Du coté de chez Swan (rather than “Swann”: Desyatnikov’s preference for titles with complex aftertastes – e.g., Liebe und Leben des Dichters, The Rite of Winter 1949, from The Russian Seasons – is something fundamental to his work) is based on the theme The Swan (Le cygne) by Camille Saint-Saens, which acquired cult-like fame thanks to the solo dance performed by ballerina Anna Pavlova. Spurred on by syncopation, the majestic, noble theme rises from the bass keys of the piano (as if from the foam of the sea) to the sound of a warning bell: Desyatnikov signals here the irreplaceability of the harmony and beauty left in the past, which are recalled only by the G-major shards borrowed from the piece’s prototype. Employing the same building blocks (scales and arpeggios) as in The Swan, Desyatnikov erodes his source’s intonation with intricate “nervous” notes and rhythms. (He indicates that the piece contains “traces of a fascination with Ligeti, in particular his Three Pieces for Two Pianos.”) This closed minimalistic loop leads nowhere: beauty remains lost in the past and in the piece’s coda the swan flies away, its wings casting a shadow on the final pages of the score.
In the final part of the triptych, Wie der alte Leiermann, which was commissioned by Gidon Kremer for the Schubert Today project, Desyatnikov takes the most radical approach to his borrowed musical material. He defines the genre of the piece as follows: “Not variations, not a fantasia, not a paraphrase. This is a commentary.” In commenting this “nineteenth-century minimalist masterpiece,” the final lieder from Winterreise, Desyatnikov follows the tactic employed by Schubert in composing variations on the themes of his own songs. Here the composer “not only departs greatly from the meaning and mood of the poems set to music, but also neglects the traditional song form, which is no more than an initial impulse.” Written for one of today’s pre-eminent violinists, the work is in some sense a musical portrait of him: in Wie der alte Leiermann, one can detect certain allusions to Kremer’s exclusive repertoire. Desyatnikov gives sophisticated listeners the right to “guess this charade” on their own.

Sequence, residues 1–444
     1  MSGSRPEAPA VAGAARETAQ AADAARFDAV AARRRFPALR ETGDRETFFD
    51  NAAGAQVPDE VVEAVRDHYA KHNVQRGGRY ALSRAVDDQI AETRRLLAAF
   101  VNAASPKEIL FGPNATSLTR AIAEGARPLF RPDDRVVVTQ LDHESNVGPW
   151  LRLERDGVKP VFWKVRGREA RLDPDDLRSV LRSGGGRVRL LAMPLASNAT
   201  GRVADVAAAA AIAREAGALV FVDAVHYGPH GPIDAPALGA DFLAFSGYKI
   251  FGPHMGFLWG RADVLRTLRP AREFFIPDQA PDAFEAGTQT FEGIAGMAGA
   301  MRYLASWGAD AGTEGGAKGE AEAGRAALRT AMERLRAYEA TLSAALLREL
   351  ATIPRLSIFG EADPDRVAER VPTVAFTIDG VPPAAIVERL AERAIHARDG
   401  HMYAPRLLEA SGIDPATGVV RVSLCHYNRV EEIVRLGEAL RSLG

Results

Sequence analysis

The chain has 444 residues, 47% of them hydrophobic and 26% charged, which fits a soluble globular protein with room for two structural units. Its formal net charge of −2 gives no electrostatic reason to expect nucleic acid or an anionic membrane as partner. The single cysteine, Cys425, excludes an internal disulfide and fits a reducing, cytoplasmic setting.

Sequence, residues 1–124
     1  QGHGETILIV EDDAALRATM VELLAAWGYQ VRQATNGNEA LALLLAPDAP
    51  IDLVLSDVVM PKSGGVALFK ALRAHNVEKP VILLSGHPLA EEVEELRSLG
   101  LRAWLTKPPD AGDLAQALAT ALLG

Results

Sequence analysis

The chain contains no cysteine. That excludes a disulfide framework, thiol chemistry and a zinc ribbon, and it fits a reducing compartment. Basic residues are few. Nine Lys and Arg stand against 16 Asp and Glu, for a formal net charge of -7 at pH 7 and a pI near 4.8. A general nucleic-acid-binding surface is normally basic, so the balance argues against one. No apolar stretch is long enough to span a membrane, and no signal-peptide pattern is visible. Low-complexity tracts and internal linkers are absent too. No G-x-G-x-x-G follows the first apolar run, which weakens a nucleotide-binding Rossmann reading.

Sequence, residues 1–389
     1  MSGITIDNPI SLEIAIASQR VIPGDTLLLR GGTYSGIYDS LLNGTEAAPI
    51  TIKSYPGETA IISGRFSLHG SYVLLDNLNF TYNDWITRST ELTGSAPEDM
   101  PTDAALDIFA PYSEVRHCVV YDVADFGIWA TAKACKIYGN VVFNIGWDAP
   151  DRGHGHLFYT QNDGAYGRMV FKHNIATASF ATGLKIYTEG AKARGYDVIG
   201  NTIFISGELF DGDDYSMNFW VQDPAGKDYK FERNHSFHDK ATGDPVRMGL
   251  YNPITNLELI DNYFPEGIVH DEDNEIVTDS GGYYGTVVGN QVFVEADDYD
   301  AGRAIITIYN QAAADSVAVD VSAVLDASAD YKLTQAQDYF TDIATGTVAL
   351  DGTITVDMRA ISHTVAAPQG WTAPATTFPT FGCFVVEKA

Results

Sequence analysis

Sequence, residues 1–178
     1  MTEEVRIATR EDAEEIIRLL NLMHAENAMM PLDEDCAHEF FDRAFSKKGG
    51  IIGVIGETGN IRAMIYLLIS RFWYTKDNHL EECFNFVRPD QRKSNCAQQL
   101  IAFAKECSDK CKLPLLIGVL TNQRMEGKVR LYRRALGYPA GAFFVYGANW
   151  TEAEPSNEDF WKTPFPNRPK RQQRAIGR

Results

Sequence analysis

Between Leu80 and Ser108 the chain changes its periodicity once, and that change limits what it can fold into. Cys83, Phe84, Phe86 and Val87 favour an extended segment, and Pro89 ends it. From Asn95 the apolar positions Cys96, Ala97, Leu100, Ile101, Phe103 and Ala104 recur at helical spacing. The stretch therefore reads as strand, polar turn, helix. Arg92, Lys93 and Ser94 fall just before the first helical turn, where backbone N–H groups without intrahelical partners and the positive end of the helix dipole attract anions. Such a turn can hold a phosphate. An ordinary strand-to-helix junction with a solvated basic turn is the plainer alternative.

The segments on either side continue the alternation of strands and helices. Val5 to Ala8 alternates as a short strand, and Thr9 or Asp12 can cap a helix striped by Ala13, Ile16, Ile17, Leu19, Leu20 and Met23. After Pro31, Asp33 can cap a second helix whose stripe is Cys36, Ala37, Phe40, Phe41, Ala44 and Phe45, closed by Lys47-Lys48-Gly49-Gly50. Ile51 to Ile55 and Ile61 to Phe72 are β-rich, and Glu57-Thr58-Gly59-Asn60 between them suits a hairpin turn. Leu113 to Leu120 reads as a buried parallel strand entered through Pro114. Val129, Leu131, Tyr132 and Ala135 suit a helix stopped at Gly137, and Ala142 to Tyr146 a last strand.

Dedicated to Petersburg art scholar Arkady Ippolitov, The Leaden Echo, for voice(s) and instruments, after the eponymous poem by Gerard Manley Hopkins (1991), is organically linked to Desyatnikov’s triptych from the 1990s. The composition’s underlying stylistic code – the English Baroque (“The Dark Is My Delight,” Purcellian spleen, the viscous violas, the fallen angel voice of the countertenor, etc.) is reflected in Pre-Raphaelite aestheticism with its cult of beauty. A maxim by Pre-Raphaelite ideologue Walter Pater might have served as the piece’s epigraph: “For art comes to you proposing frankly to give nothing but the highest quality to your moments as they pass, and simply for those moments” sake. How to kéep beauty, from vanishing away? / is there no frowning of these wrinkles, rankéd wrinkles deep, / DÃ³wn? O there is none; no no no there’s none: / Be beginning to despair, to despair. This vanishing is the subject of The Leaden Echo, a titanic lamentation (almost like that of another fictitious artist, the composer Adrian Leverkehn in Thomas Mann’s monumental novel Doctor Faustus), an elegy on the impossibility of halting the corrosive, destructive flow of time. (A year earlier, in the finale of the vocal cycle Liebe und Leben des Dichters, Desyatnikov had used other words to address the same subject.)
The theme of extending bridges between “then” and “now,” which is central to Desyatnikov’s work, is especially vividly incarnated in one of his latest pieces, Return, for six instruments (2006), which was commissioned by the Homecoming Chamber Music Festival in Moscow. The form of the piece is even more hermetic than is usually the case in Desyatnikov’s work, consisting of a series of strict ostinatos. The changes wrought within the first variation, which is lapidary and elegant, are homeopathic (with their allusions to plangent Russian folksongs and the “conventionally romantic”): nothing as it were happens in the music. The story of Return to be found in the relentless progress towards the final statement of the theme, which is heard in a recording of gagaku music (ancient Japanese ceremonial music). The work’s plot is simple: European instruments expound one and the same musical sequence in the tempered scale and then at the end we hear its untempered source. The notes are seemingly the same, but the resulting “music” is quite different. Like all of Desyatnikov’s music, Return is about the tragic impossibility of uniting ages, traditions, and cultures into an integral worldview.
Dmitry Renanskytranslated by Thomas Campbell